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Vitamin B12 is a crucial ingredient for the healthy running of the body, as it’s needed to make red blood cells. Signs of a deficiency can develop very slowly, so it may be difficult to diagnose the condition. There are two unusual signs your B12 levels are low and this can be found in your mouth.
If you spot mouth ulcers, you may have a vitamin B12 deficiency, says the NHS.
They tend to appear inside the mouth, on the cheeks or lips – and even the tongue.
You can have more than one ulcer at a time, and they can change in size.
Mouth ulcers take time to heal, but there are things you can do to help speed up the process.
The NHS recommends those suffering from mouth ulcers should use a soft-bristled toothbrush.
Moreover, it’d help to drink cool drinks through a straw and to eat softer foods.
Avoid toast and crisps for the time being, and rough, crunchy food may prolong the healing process.
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Glossitis is a term used to describe an inflamed tongue. If you have glossitis, a person’s tongue may cage colour and shape.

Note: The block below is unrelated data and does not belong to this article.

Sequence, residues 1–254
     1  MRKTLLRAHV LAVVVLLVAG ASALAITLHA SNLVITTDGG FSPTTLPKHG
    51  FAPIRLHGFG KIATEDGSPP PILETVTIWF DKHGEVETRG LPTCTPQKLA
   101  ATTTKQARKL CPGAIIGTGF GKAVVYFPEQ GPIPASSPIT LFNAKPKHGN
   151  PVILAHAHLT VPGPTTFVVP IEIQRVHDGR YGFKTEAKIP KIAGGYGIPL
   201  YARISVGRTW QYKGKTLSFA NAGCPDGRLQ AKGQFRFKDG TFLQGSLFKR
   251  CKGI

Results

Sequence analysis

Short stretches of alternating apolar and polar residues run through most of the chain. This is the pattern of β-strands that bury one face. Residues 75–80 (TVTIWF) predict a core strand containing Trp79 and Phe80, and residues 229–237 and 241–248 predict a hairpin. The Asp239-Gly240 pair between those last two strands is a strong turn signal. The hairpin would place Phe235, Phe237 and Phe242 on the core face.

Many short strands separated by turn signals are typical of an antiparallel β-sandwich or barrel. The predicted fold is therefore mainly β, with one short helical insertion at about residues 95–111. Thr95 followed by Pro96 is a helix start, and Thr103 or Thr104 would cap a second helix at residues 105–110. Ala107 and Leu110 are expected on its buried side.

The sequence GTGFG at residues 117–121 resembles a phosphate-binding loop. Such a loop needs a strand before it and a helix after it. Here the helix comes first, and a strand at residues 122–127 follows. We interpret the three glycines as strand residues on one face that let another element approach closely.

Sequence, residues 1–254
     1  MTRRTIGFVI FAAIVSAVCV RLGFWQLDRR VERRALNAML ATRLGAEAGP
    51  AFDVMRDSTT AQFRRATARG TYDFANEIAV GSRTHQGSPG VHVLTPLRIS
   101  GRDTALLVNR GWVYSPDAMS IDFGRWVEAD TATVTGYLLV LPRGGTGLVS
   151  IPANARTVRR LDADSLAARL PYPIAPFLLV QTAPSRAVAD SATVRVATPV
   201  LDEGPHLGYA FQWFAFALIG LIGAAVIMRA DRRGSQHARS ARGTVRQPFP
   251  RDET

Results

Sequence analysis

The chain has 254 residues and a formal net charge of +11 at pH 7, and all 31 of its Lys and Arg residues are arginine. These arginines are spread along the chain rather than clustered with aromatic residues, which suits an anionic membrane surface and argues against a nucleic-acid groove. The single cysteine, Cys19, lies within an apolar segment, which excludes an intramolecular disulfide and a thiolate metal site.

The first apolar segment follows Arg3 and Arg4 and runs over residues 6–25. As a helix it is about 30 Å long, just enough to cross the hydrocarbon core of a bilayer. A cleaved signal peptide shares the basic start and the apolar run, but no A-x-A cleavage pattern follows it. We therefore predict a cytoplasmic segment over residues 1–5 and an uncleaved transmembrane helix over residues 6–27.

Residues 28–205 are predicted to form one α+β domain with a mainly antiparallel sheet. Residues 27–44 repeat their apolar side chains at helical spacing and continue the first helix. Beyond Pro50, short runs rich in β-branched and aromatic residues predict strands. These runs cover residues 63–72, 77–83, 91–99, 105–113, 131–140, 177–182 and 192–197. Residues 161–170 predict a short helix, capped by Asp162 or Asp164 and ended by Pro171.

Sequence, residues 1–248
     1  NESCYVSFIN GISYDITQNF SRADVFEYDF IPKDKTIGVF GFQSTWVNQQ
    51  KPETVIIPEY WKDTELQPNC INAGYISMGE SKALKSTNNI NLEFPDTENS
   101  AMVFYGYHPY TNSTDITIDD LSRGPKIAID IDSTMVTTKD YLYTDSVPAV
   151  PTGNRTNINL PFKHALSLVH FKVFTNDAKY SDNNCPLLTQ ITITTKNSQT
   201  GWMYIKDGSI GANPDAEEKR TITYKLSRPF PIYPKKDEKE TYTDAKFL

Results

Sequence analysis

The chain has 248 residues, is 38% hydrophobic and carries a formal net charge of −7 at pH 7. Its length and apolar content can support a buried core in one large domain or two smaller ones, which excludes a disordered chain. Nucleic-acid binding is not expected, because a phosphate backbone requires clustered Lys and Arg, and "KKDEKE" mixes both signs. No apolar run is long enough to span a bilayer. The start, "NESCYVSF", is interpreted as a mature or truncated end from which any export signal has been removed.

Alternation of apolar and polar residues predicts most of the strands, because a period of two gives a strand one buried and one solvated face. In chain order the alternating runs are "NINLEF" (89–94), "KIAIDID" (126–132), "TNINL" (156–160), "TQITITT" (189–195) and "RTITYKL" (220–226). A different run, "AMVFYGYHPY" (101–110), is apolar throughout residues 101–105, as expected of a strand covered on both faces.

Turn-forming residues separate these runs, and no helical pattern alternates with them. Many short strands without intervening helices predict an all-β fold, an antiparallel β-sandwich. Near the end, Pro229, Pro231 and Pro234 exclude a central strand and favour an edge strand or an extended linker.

Glossitis may make the tongue painful, red and swollen.
The inflammation can also make the tongue look smooth, as all the time bumps on the tongue that contain the taste buds stretch out and disappear.
As well as being painful, glossitis can change the way a person eats and speaks.
Studies have shown that a swollen and inflamed tongue that has long straight lesions on it could be an early sign of vitamin B12 deficiency.
In a study with the US National Library of Medicine National Institutes of Health, vitamin B12 deficiency and manifestations that happen in the mouth was analysed.
The study noted: “The association of manifestations in the mouth and vitamin B12 deficiency is already known.
“The signs are not specific to vitamin B12 deficiency; however, they may reveal the deficiency and this is often ignored and leads to delays in diagnosis.”
The study concluded there is a strong link between lacking in vitamin B12 deficiency and oral changes.
A simple blood test done at the GP’s clinic can determine whether or not somebody is deficient in vitamin B12.
The doctor will also want to discuss symptoms and look at your medical history to help form a diagnosis.
Typically, B12 injections or prescribed oral supplements will be prescribed to treat the nutrient deficiency.
Treatment may be for a few weeks, months, or lifelong, depending on the underlying reason behind the vitamin B12 deficiency.
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